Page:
Fannie Mae has answered a challenge for market share from its smaller competitor Freddie Mac by locking up the right to buy most of the home loans made by three big lenders.
Fleet Mortgage Group, a unit of Fleet Financial Group, Resource Bancshares Mortgage Group, and North American Mortgage Co., a unit of Dime Bancorp, said this week that they had agreed to sell large chunks of their production to Fannie. In return, the secondary market titan will let lenders use technology other than its own in the lending process.
The deals followed similar pacts between Freddie and the top two home loan originators, Norwest Mortgage and Bank of America Mortgage this year.
Many believe such partnerships with the government-sponsored enterprises will soon be routine for the largest lenders, with Fannie and Freddie making concessions on technology and possibly pricing to secure market share.
Mortgage executives said their deals with Fannie allow them to streamline their back-office operations, reducing costs. Efficiency is crucial, they say, because the refinance boom is waning and their profit margins are shrinking.
"The winners will be the low-cost producers, and that is a key driver in this decision," said A. William Schenck, chairman and chief executive of Fleet Mortgage. "There are dozens and dozens of interfaces between a large mortgage bank and a government-sponsored enterprise, so there are a number of places to streamline."
For example, today, when Fleet originates a loan that has been approved by Desktop Underwriter, it converts data from Fannie's system to Fleet's servicing system. If it ends up selling the same loan to Fannie, it extracts the information from servicing system and converts it back to Desktop Underwriter.
That is like translating a sentence from French to English and back into French, said Thomas C. Palmer, executive vice president for production at Fleet Mortgage. Fleet's deal with Fannie will allow the company to eliminate such duplications, he said.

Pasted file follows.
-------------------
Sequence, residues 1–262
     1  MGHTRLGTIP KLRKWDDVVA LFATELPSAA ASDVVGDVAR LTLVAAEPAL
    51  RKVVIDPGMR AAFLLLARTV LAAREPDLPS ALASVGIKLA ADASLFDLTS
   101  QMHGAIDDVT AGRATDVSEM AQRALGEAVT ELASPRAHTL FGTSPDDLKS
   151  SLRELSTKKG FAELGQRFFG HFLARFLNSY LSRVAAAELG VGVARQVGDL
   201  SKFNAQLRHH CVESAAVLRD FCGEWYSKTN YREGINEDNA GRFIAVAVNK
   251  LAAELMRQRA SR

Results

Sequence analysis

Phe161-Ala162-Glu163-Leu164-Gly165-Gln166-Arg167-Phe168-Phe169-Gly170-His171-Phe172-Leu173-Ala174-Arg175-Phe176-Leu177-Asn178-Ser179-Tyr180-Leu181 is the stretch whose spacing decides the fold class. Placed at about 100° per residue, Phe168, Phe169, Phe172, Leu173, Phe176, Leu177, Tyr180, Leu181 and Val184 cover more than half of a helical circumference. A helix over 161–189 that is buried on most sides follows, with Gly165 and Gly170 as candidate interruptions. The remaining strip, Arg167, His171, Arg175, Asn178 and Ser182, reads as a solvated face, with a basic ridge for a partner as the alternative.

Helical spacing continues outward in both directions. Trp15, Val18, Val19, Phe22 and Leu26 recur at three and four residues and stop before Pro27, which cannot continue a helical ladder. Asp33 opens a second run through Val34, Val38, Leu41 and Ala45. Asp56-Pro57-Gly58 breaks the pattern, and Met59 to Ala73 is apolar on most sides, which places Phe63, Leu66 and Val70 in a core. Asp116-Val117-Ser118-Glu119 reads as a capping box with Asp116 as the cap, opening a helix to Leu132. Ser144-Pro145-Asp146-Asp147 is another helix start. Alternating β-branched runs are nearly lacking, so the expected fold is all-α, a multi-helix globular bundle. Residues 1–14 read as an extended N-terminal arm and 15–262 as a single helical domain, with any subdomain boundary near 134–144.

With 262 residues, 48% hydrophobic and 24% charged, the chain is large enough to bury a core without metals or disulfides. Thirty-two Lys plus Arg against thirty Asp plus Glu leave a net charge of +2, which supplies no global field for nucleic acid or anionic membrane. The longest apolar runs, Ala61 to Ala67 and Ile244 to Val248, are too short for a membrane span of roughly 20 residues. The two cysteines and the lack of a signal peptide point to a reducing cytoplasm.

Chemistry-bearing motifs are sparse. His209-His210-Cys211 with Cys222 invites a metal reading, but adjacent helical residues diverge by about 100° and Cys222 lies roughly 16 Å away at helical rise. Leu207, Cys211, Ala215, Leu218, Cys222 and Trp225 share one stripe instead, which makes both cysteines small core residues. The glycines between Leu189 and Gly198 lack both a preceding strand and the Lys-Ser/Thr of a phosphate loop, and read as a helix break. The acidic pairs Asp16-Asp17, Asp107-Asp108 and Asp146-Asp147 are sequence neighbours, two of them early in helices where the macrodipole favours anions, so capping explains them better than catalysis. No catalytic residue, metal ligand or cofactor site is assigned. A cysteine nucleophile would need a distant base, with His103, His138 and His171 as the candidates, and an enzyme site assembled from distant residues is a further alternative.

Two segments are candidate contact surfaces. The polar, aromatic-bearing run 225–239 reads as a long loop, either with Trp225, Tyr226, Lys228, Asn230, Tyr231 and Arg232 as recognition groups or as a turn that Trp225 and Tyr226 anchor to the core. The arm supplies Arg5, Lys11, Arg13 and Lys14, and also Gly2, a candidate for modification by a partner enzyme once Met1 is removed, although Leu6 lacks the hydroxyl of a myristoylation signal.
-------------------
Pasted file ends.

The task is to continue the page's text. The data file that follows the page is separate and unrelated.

In both Fleet's deal and Dime's, the lender's brokers and correspondents can use either Fannie's automated underwriting system, Desktop Underwriter, or Freddie's Loan Prospector system. Fannie will buy substantially all the lender's loans regardless.
It is unclear whether the GSEs have been reducing guarantee fees for the lenders in these deals; even lenders are unwilling to disclose terms. But the perception that Fannie and Freddie are making price concessions has hurt their stock prices, said Bruce W. Harting, an analyst at Lehman Brothers.
Fannie's and Freddie's shares are off 9.2% and 9.7% this year, respectively.
Partnering with Fannie also enables Fleet to offer new products. In a separate arrangement that Fleet made with Fannie six months ago, Fannie agreed to accept loans with less documentation than it usually does, provided those customers had made large down payments and had high credit scores, Mr. Palmer said.
A Fannie Mae spokeswoman, citing company policy, declined to comment on any of its deals with lenders.
In Resource Bancshares' deal with Fannie, the Columbia, S.C. company will use its own proprietary origination software, which takes loans that have been approved by Desktop Underwriter through funding and closing.
"We have talked to both agencies and in our case, the arrangement Fannie was willing to make with us was a better deal," said Steven F. Herbert, chief financial officer at Resource. Resource's origination software, he said, "can support Fannie and Freddie, but it's easier from and operational perspective to only deal with one."
Resource's deal with Fannie is not exclusive, Mr. Herbert added. "I would expect to be doing some of our business with Freddie still."